[llvm-dev] LTO and intrinsics mangling

Rafael Espíndola via llvm-dev llvm-dev at lists.llvm.org
Tue Apr 19 14:51:55 PDT 2016

On 18 April 2016 at 19:22, Philip Reames via llvm-dev
<llvm-dev at lists.llvm.org> wrote:
> On 04/18/2016 09:45 AM, Artur Pilipenko via llvm-dev wrote:
> In the current mangling scheme for overloaded intrinsics we include
> overloaded type names in the intrinsic name. For example:
> %struct.foobar = type { i32 }
> declare <4 x %struct.foobar*> @llvm.masked.load.v4p0struct.foobar(<4 x
> %struct.foobar*>*, i32, <4 x i1>, <4 x %struct.foobar*>)
> Verifier checks that an overloaded intrinsic name matches with its
> signature.
> When different modules are loaded in LTO configuration with the same
> LLVMContext, types with the same name from different modules are renamed so
> their names are unique (%struct.foobar in the second module becomes
> %struct.foobar.0). After renaming intrinsic names and signatures can become
> inconsistent.
> This seems like a clear bug in the module loading.  If we're changing type
> names, we need to change the intrinsic signatures as well.
> Usually it slips unnoticed because we don't verify individual modules and
> eventually map isomorphic types to a single type. So isomorphic types get
> their original names. Although in some cases it causes problems.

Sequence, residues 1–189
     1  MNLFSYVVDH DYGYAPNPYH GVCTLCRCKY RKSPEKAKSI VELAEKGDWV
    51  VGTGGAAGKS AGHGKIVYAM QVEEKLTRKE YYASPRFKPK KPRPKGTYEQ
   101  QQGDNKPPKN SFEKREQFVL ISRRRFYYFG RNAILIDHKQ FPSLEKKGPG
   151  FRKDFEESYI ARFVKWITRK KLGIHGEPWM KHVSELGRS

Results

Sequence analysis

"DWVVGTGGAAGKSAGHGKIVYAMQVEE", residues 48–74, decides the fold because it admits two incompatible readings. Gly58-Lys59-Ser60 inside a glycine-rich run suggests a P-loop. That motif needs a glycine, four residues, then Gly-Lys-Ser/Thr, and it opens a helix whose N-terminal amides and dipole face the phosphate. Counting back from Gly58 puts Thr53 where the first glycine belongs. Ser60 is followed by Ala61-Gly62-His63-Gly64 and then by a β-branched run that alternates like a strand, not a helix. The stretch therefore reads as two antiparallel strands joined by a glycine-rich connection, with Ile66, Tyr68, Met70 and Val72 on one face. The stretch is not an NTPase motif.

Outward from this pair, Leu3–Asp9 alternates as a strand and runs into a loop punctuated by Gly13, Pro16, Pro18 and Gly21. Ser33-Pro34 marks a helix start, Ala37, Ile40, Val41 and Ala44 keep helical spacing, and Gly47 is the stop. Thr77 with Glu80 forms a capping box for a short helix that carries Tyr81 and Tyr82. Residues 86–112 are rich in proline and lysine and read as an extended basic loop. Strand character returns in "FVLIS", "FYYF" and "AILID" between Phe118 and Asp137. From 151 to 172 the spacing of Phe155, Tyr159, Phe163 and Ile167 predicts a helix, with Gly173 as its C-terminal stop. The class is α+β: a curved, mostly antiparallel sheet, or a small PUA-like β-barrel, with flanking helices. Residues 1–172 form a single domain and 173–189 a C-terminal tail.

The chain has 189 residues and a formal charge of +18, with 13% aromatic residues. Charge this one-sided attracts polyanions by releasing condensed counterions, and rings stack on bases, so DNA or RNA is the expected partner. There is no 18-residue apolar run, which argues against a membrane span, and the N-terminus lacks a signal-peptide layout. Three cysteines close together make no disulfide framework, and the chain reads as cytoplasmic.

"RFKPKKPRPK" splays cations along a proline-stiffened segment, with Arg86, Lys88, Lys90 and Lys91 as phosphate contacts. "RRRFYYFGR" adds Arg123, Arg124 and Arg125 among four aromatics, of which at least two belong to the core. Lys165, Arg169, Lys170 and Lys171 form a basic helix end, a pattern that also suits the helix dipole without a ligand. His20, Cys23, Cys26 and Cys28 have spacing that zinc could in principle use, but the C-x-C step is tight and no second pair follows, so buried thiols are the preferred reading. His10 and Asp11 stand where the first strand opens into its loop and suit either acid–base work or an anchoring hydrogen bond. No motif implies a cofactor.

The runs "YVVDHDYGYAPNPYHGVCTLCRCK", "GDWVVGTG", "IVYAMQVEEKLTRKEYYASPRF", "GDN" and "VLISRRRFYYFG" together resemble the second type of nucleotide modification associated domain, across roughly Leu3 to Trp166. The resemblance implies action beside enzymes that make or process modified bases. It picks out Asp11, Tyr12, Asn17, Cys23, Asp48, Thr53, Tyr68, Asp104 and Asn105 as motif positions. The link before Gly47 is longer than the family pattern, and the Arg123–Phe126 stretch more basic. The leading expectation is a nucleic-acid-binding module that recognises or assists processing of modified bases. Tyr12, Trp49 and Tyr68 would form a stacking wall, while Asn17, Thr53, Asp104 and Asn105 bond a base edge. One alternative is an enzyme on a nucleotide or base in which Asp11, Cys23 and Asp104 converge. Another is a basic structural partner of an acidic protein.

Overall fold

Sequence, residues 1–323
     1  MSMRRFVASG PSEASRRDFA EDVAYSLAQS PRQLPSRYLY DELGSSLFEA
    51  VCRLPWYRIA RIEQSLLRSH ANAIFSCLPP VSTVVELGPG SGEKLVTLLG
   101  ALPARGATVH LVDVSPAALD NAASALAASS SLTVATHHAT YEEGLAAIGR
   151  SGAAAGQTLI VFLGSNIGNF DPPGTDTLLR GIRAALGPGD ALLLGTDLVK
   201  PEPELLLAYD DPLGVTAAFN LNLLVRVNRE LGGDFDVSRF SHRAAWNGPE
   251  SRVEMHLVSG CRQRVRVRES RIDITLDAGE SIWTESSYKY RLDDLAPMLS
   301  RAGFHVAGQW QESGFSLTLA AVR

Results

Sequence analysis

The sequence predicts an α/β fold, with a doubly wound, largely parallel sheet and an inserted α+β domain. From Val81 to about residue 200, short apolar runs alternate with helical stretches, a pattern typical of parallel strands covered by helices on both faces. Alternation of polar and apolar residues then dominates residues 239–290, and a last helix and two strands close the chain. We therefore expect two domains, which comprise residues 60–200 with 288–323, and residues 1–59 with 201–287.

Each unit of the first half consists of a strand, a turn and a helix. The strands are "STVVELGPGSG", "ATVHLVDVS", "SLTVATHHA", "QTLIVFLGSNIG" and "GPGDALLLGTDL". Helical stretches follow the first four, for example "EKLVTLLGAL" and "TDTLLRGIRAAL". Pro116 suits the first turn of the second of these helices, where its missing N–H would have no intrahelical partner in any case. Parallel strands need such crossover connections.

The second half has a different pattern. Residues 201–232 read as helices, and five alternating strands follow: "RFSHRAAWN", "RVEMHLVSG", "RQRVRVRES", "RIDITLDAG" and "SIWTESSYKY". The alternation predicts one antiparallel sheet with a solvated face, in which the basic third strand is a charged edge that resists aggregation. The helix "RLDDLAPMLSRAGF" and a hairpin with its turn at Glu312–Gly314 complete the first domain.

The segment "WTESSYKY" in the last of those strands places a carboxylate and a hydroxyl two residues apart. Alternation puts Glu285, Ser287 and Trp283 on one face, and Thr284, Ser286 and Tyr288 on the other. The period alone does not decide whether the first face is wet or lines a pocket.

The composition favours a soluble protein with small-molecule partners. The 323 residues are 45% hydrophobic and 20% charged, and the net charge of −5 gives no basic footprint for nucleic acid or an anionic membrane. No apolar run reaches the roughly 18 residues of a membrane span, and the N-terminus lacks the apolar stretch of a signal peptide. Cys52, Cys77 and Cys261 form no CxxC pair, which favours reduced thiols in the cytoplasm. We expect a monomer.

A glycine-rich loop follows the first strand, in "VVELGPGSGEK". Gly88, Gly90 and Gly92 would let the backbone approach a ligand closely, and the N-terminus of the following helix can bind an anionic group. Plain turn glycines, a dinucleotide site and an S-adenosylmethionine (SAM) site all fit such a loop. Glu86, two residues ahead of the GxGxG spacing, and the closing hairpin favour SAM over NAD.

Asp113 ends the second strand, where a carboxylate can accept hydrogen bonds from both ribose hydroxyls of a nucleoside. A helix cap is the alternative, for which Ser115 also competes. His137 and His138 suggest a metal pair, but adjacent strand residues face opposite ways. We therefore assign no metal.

> Initially I came across the problem with my recent change which added an
> overloaded type to the masked load/store intrinsics
> (http://reviews.llvm.org/D17270). The discrepancy between the name and the
> signature triggers auto-upgrade bit from my patch converting an incorrect
> mangling to the correct one. But later after remapping of isomorphic types
> when we return to the original type name this “updated" intrinsic name
> become invalid.
> Another way to trigger the problem is to have different types with the same
> name in different modules. Corresponding test case is attached. In this case
> types in different modules will be renamed but the intrinsics from different
> modules will have the same name which will be caught by verifier.
> As a possible solution we can use AutoUpgrade to handle the situation when
> the name of the intrinsic doesn't match with its signature. In such cases we
> have to rename the intrinsic. Then during linking if we map some isomorphic
> types we have to update intrinsics names. To do that we have to teach
> IRMover to update intrinsics signatures according to the types mapping.
> Does this sound reasonable? Are there any other alternatives?
> Given our current intrinsic naming scheme, the approach you've described
> seems entirely reasonable.
> An alternate scheme would be to make the intrinsic signatures insensitive to
> the struct naming.  (That was probably a bad idea on my part to start with,
> sorry!)  I would argue that we should not block your original change on a
> re-architecting effort here.

I sorry I missed this when it first went in. In general the name of
llvm types should not be significant. What was the motivation for
having it in the name of the intrinsic? Could we change to using

declare <4 x %struct.foo*> @llvm.masked.load.arbitrary_suffix1(<4 x
%struct.foo*>*, i32, <4 x i1>, <4 x %struct.foo*>)

declare <4 x %struct.bar*> @llvm.masked.load.arbitrary_suffix2(<4 x
%struct.bar*>*, i32, <4 x i1>, <4 x %struct.bar*>)


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